Abstract
In this paper, the historical development of the clitic systems of Standard Modern, Cypriot and Pontic Greek is discussed. These three varieties not only present the whole range of variation one can find across clitic systems in Greek but, furthermore, derive from a common linguistic ancestor, i.e. Koine Greek. This paper argues that the transition from Koine Greek to the Medieval varieties and from the Medieval varieties to the respective modern ones can be explained by making the assumption that routinisation and parsing/hearer assymetries are two important factors behind syntactic change. The claim is that the transition from Koine to the Medieval Greek varieties involves the emergence of a clitic system with encoded syntactic constraints out of a freer one, where clitic positioning was regulated by pragmatic preferences rather than syntactic constraints. Then, the transition to the modern varieties from the respective medieval ones is explained, at least partly, on the assumption that production/parsing mismatches are capable of triggering syntactic change. This last assumption combined with: the tendency to obtain more generalised parsing triggers for parsing the individual clitics and the fact that the Medieval varieties in question differ in minimal but crucial ways, provides us an explanation for the transition to the modern varieties.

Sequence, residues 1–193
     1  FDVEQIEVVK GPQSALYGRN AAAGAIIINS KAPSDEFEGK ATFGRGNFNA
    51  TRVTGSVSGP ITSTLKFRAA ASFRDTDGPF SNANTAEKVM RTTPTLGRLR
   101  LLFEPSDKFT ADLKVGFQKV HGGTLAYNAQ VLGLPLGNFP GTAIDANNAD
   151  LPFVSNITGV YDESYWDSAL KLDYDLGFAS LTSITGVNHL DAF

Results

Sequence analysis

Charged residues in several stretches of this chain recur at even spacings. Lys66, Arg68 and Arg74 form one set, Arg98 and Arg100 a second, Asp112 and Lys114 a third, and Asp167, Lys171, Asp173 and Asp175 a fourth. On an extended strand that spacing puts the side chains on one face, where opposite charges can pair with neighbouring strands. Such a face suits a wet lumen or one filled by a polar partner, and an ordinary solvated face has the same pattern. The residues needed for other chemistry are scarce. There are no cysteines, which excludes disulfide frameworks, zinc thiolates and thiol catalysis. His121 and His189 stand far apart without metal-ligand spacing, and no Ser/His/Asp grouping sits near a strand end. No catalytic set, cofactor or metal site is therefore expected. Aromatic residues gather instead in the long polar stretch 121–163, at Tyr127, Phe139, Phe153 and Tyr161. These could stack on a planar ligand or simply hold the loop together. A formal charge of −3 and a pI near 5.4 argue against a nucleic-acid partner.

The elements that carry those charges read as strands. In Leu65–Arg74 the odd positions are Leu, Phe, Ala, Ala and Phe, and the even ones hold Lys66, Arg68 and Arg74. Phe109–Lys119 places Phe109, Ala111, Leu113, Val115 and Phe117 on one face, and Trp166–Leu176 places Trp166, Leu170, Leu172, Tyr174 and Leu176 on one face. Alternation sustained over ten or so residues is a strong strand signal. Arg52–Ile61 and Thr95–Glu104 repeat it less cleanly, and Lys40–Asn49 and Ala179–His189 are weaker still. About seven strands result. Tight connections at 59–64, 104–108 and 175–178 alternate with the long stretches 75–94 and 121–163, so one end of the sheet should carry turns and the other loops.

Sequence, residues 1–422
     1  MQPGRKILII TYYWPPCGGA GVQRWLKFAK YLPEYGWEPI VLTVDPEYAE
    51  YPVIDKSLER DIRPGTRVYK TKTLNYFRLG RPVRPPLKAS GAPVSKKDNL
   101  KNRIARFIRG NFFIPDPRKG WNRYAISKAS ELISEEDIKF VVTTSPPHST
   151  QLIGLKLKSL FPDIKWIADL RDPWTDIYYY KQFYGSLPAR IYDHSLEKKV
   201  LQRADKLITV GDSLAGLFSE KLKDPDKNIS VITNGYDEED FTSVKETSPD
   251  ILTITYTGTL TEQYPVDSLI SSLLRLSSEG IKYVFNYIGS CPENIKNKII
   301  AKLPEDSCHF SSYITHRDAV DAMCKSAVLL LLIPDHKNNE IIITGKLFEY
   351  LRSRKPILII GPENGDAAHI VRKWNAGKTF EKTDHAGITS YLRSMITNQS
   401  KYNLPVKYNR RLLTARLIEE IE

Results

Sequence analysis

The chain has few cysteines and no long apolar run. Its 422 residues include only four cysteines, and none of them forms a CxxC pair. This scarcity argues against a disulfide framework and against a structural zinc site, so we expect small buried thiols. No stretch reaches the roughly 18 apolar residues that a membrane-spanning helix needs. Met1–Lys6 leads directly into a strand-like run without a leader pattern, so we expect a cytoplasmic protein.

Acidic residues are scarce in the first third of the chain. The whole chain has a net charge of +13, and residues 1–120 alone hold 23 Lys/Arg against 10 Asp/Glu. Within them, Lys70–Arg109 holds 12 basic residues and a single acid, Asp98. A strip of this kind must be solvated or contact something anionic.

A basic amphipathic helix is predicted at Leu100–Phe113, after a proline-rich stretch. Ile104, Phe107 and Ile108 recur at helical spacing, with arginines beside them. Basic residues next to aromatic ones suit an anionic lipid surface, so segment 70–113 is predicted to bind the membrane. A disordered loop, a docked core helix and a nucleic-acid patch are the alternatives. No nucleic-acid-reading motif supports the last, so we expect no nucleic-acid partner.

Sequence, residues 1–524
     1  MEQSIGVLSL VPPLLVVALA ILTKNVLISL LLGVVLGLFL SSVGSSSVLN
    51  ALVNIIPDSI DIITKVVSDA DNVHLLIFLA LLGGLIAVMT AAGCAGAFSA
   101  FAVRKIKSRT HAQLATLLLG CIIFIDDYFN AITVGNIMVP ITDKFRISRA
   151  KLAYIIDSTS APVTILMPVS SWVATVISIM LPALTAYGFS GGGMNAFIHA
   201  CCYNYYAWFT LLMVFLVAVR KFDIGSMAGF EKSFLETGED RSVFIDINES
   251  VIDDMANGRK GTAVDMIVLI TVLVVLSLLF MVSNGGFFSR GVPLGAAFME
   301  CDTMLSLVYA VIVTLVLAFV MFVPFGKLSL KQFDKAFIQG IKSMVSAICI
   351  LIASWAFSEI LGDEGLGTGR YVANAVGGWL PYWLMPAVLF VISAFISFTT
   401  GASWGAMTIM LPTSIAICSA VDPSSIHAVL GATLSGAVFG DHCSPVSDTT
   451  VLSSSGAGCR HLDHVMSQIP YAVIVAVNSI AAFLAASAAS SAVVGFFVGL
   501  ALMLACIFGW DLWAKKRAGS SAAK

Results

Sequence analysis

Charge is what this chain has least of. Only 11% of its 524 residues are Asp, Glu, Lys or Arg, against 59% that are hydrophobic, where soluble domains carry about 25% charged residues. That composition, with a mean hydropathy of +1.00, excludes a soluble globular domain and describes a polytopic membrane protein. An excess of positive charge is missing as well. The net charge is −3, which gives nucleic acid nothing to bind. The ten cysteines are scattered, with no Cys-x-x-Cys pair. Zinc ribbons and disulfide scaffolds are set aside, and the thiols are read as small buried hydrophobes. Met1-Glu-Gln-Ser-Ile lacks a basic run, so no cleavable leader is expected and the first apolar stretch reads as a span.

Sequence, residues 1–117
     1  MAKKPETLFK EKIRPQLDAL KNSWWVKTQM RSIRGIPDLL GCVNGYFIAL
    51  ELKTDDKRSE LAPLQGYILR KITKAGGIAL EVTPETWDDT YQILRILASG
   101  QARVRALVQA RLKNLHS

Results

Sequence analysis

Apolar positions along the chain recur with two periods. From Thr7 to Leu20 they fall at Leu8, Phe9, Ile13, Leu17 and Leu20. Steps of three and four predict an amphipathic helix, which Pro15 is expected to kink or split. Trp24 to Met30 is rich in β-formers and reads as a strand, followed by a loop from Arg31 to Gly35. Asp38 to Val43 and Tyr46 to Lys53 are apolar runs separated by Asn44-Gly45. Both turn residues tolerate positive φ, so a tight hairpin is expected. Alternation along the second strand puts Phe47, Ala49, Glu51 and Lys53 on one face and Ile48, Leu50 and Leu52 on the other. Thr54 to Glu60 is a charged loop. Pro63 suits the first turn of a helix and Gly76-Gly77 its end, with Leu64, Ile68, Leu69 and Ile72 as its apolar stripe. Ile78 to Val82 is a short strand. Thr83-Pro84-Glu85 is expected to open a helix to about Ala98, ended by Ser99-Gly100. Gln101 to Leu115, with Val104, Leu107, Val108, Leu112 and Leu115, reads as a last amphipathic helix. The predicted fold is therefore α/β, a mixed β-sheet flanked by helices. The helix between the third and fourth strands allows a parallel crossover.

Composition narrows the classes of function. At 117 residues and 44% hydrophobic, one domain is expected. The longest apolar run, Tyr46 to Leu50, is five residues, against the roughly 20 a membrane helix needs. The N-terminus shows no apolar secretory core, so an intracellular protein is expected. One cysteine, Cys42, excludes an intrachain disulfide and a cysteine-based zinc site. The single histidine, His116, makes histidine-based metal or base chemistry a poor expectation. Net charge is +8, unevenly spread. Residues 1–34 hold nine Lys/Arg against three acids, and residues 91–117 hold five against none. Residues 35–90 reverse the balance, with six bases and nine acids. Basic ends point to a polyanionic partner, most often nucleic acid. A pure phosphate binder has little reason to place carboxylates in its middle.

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DOI 10.1007/s10849-020-09319-2
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Toward a Mechanistic Psychology of Dialogue.Martin J. Pickering & Simon Garrod - 2004 - Behavioral and Brain Sciences 27 (2):169-190.
Why is Conversation so Easy?Simon Garrod & Martin J. Pickering - 2004 - Trends in Cognitive Sciences 8 (1):8-11.
Linguistics, Logic and Finite Trees.Patrick Blackburn & Wilfried Meyer-Viol - 1994 - Logic Journal of the IGPL 2 (1):3-29.

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